Jan 21, 2014
from 04:30 PM to 05:30 PM
|Where||Keynes Hall in King's College|
|Add event to calendar||
Abstract: Mobile phones are increasingly equipped with sensors, such as accelerometers, GPS receivers, and cameras, which can be used to sense and interpret people behaviour in real-time. Novel user-centered sensing applications can be built by exploiting the availability of these technologies. Moreover, data extracted from the sensors can also be used to model and predict people behaviour and movement patterns, providing a very rich set of multi-dimensional and linked data, which can be extremely useful, for instance, for the development of highly personalised applications, health interventions, and real-time support for policy-makers.
In this talk I will discuss some of our recent projects in the area of large-scale scale data mining and modelling of mobile datasets with applications to human mobility prediction and epidemic spreading containment. Indeed, the study of the interdependence of human movement and social ties of individuals is one of the most interesting research areas in computational social science. I will show how mobile phone data can be used to improve mobility prediction, by characterising and exploiting the correlation between movements of friends and acquaintances. This can be seen as a process of discovering correlation patterns in networks of linked social and geographic data. I will also discuss how data from mobile operators can be effectively exploited to model epidemic spreading and devise effective containment strategies.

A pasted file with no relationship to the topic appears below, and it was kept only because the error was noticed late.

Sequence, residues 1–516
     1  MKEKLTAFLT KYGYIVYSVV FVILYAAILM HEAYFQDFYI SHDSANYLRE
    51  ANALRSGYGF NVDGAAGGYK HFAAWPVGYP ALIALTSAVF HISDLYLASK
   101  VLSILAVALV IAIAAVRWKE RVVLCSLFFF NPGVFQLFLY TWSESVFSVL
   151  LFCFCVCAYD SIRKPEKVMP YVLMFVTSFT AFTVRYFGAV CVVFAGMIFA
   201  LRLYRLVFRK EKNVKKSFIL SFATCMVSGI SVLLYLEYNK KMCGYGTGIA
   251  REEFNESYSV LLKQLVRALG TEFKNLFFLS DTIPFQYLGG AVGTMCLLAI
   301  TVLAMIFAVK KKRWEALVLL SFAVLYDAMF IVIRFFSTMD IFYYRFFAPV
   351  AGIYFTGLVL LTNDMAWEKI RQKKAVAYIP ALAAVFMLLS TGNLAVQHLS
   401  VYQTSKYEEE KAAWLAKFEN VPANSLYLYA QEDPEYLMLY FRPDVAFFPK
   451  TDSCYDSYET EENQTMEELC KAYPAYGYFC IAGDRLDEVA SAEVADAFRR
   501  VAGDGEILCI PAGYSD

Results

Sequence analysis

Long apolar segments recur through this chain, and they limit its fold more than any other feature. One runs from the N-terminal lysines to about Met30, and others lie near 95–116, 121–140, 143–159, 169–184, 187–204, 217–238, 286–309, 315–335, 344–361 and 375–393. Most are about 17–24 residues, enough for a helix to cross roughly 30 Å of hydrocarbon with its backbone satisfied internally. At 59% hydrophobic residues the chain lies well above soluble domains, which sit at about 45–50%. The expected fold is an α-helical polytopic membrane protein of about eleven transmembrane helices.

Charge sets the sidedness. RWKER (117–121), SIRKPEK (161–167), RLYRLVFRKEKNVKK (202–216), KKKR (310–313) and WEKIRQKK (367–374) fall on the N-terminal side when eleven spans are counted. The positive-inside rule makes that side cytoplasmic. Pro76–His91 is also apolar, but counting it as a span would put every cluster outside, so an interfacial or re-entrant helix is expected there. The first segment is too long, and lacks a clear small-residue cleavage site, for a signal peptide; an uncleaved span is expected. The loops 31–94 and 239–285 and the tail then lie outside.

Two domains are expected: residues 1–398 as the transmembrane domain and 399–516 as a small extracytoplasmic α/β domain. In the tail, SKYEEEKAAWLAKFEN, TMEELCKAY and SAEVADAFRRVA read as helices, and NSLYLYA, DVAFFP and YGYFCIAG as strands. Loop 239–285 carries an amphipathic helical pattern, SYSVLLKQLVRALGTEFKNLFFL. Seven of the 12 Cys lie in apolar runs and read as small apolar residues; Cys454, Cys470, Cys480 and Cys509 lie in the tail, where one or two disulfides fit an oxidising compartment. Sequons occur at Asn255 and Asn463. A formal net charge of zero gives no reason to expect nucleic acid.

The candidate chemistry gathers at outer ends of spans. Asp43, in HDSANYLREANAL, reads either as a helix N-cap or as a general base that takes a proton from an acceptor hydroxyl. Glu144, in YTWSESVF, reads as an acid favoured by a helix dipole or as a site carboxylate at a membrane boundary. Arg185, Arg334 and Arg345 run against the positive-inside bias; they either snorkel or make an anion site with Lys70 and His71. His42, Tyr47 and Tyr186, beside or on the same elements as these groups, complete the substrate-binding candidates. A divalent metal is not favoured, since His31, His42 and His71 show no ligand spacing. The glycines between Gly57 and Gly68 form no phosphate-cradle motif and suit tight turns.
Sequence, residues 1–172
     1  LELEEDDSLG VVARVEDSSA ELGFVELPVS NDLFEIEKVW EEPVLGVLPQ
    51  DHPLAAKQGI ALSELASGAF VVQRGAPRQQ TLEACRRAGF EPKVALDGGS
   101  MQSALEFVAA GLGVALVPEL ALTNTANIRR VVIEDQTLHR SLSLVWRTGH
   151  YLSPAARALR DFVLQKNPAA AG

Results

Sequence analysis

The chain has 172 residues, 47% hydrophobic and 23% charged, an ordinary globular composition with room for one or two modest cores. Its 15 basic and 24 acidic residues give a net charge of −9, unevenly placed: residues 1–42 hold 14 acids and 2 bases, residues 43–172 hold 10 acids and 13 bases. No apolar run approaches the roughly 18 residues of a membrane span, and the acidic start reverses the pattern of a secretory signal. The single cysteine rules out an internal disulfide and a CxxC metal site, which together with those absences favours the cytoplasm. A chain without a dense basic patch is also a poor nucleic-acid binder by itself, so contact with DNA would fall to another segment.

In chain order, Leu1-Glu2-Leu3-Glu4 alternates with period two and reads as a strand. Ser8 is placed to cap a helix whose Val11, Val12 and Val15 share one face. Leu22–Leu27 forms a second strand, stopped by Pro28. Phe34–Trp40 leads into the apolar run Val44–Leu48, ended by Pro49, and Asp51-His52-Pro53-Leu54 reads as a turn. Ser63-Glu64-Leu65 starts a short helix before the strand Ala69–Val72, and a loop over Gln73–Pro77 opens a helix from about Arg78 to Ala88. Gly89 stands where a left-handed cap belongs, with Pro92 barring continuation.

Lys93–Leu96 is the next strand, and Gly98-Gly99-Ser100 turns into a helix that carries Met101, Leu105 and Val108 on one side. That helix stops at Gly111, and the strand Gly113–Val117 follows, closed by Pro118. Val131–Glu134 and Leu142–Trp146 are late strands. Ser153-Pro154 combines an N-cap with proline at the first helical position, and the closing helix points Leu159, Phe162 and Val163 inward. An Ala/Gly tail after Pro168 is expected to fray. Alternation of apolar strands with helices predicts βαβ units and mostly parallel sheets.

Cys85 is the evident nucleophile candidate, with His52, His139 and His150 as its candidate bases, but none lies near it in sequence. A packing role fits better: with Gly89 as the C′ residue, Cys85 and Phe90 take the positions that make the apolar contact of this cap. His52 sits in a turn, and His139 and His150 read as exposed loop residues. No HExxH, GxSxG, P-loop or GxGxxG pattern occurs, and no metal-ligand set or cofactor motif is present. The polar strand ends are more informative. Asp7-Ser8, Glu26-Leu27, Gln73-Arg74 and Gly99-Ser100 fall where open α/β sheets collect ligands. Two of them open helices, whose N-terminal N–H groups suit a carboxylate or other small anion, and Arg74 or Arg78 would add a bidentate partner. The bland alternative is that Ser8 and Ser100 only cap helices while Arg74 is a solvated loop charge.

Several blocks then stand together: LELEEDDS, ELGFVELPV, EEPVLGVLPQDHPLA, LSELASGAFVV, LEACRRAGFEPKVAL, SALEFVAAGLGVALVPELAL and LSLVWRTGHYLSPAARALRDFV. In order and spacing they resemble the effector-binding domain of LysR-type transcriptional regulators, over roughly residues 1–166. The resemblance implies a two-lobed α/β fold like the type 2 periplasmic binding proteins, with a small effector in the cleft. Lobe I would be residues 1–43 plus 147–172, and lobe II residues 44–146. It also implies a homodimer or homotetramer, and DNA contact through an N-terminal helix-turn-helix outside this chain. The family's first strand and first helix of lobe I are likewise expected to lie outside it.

Bio: Dr. Mirco Musolesi is a Senior Lecturer at the School of Computer Science at the University of Birmingham. He received a PhD in Computer Science from University College London in 2007. Before joining Birmingham, he held research positions at Dartmouth College and Cambridge and a Lectureship at the University of St Andrews. His research interests lie at the interface of different areas, namely ubiquitous computing, large-scale data mining, and network science. More information about his research profile can be found at the following URL: http://www.cs.bham.ac.uk/~musolesm